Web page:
Mental disorders like autism and schizophrenia are notoriously difficult to study at the molecular level. Understandably, people are reluctant to donate pieces of living brain for study, and postmortem tissue lets researchers see the structure, but not the function, of the cells.
Now researchers in the laboratories of psychiatrist Sergiu Pasca, MD, and neurobiologist Ben Barres, MD, PhD, have found a way to make balls of cells that mimic the activity of the human cortex. They use a person's skin cells, so the resulting "human cortical spheroid" has the same genetic composition as the donor. The research was published in Nature Methods yesterday.
According to our release:
Previous attempts to create patient-specific neural tissue for study have either generated two-dimensional colonies of immature neurons that do not create functional synapses, or required an external matrix on which to grow the cells in a series of laborious and technically difficult steps.
In contrast, the researchers found they were able to easily make hundreds of what they've termed "human cortical spheroids" using a single human skin sample. These spheroids grow to be as large as 5 millimeters in diameter and can be maintained in the laboratory for nine months or more. They exhibit complex neural network activity and can be studied with techniques well-honed in animal models.
The researchers, which include neonatology fellow Anca Pasca, MD, and graduate student Steven Sloan, hope to use the technique to help understand how the human brain develops, and what sometimes goes wrong. As described by Barres:
The power and promise of this new method is extraordinary. For instance, for developmental brain disorders, one could take skin cells from any patient and literally replay the development of their brain in a culture dish to figure out exactly what step of development went awry -- and how it might be corrected.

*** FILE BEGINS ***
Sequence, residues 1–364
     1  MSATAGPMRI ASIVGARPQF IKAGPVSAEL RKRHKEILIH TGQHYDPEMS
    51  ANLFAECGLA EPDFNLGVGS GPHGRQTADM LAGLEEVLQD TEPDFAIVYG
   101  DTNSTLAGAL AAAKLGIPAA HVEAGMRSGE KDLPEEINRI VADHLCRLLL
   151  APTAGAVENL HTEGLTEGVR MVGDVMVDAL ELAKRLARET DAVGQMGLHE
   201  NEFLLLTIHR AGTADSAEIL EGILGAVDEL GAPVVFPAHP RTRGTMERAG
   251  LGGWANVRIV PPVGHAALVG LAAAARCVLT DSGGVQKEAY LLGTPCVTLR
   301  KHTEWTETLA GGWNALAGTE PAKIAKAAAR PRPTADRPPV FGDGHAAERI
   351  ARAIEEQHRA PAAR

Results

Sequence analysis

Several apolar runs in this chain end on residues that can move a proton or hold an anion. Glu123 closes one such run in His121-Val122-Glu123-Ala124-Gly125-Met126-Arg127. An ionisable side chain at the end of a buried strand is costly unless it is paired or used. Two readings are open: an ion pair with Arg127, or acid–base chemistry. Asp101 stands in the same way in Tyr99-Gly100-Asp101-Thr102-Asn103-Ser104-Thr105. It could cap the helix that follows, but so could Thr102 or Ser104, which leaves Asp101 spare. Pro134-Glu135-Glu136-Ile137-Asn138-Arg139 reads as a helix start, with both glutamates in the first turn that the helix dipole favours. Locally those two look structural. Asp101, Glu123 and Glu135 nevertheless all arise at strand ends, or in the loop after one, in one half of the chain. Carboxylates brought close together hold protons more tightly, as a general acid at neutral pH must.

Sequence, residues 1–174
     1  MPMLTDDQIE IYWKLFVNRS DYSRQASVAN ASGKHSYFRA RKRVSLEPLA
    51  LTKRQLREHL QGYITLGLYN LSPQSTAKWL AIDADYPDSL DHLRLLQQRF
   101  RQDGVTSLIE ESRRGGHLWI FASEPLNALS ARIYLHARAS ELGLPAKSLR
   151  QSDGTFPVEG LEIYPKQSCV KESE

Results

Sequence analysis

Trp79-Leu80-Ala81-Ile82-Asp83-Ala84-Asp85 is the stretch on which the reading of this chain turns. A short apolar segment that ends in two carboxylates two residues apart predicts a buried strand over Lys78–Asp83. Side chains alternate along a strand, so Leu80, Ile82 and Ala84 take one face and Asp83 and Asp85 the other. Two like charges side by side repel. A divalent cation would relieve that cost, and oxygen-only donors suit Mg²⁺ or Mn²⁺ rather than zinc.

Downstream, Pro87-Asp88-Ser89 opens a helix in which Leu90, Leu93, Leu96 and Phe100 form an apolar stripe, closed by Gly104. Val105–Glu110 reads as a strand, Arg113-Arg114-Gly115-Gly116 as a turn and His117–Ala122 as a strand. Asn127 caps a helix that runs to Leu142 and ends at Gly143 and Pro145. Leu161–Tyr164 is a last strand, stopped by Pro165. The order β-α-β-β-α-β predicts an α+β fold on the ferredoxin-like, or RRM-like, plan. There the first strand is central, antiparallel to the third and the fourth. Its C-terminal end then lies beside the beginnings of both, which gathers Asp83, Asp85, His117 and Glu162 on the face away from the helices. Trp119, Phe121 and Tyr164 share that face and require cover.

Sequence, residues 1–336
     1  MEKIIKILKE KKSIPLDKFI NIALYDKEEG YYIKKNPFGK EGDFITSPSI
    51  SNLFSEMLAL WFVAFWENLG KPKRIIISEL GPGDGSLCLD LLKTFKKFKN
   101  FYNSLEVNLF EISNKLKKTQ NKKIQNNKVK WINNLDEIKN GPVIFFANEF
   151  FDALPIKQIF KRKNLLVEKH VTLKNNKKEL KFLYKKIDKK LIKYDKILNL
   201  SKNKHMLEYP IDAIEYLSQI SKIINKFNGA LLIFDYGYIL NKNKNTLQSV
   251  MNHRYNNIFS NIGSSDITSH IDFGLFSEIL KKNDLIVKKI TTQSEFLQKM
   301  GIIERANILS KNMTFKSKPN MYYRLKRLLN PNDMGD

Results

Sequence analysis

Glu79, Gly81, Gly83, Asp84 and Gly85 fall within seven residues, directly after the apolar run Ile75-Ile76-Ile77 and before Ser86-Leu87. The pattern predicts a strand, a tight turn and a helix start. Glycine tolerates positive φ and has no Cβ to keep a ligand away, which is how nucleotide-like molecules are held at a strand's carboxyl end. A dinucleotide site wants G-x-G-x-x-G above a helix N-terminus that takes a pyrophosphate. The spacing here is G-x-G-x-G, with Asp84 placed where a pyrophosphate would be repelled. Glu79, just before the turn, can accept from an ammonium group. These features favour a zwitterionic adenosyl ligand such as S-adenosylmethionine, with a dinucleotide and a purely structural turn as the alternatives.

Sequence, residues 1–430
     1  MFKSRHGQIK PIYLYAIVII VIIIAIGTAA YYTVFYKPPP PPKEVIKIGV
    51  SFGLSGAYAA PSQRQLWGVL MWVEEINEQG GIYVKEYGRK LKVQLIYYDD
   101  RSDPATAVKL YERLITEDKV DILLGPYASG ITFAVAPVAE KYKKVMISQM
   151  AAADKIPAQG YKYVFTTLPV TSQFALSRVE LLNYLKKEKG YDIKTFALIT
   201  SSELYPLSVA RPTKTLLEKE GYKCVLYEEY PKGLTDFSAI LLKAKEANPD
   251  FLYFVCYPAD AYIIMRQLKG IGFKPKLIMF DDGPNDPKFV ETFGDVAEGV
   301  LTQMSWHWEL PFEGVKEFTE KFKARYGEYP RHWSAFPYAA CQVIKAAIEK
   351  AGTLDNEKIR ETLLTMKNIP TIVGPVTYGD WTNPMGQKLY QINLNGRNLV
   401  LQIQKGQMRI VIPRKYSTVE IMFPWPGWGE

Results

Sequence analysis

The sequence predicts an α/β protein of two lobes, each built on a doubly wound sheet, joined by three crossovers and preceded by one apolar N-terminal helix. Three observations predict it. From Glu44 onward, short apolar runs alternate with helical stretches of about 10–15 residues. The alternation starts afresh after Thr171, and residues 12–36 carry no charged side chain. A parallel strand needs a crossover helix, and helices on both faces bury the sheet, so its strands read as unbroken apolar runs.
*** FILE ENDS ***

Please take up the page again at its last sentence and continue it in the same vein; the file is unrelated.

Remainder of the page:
The research is starting to garner attention, including this nice article from Wired yesterday. Pasca's eager to note, however, that he's not working to create entire brains, which would be ethically and technically challenging, to say the least. But simply generating even a few of the cell types in the cortex will give researchers a much larger canvas with which to study some devastating conditions. As Pasca notes in our release:
I am a physician by training. We are often very limited in the therapeutic options we can offer patients with mental disorders. The ability to investigate in a dish neuronal and glial function, as well as network activity, starting from patient's own cells, has the potential to bring novel insights into psychiatric disorders and their treatment.
Previously: More than just glue, glial cells challenge neuron's top slot and Star-shaped cells nab new starring role in sculpting brain circuits
Photo of spheroid cross-section by Anca Pasca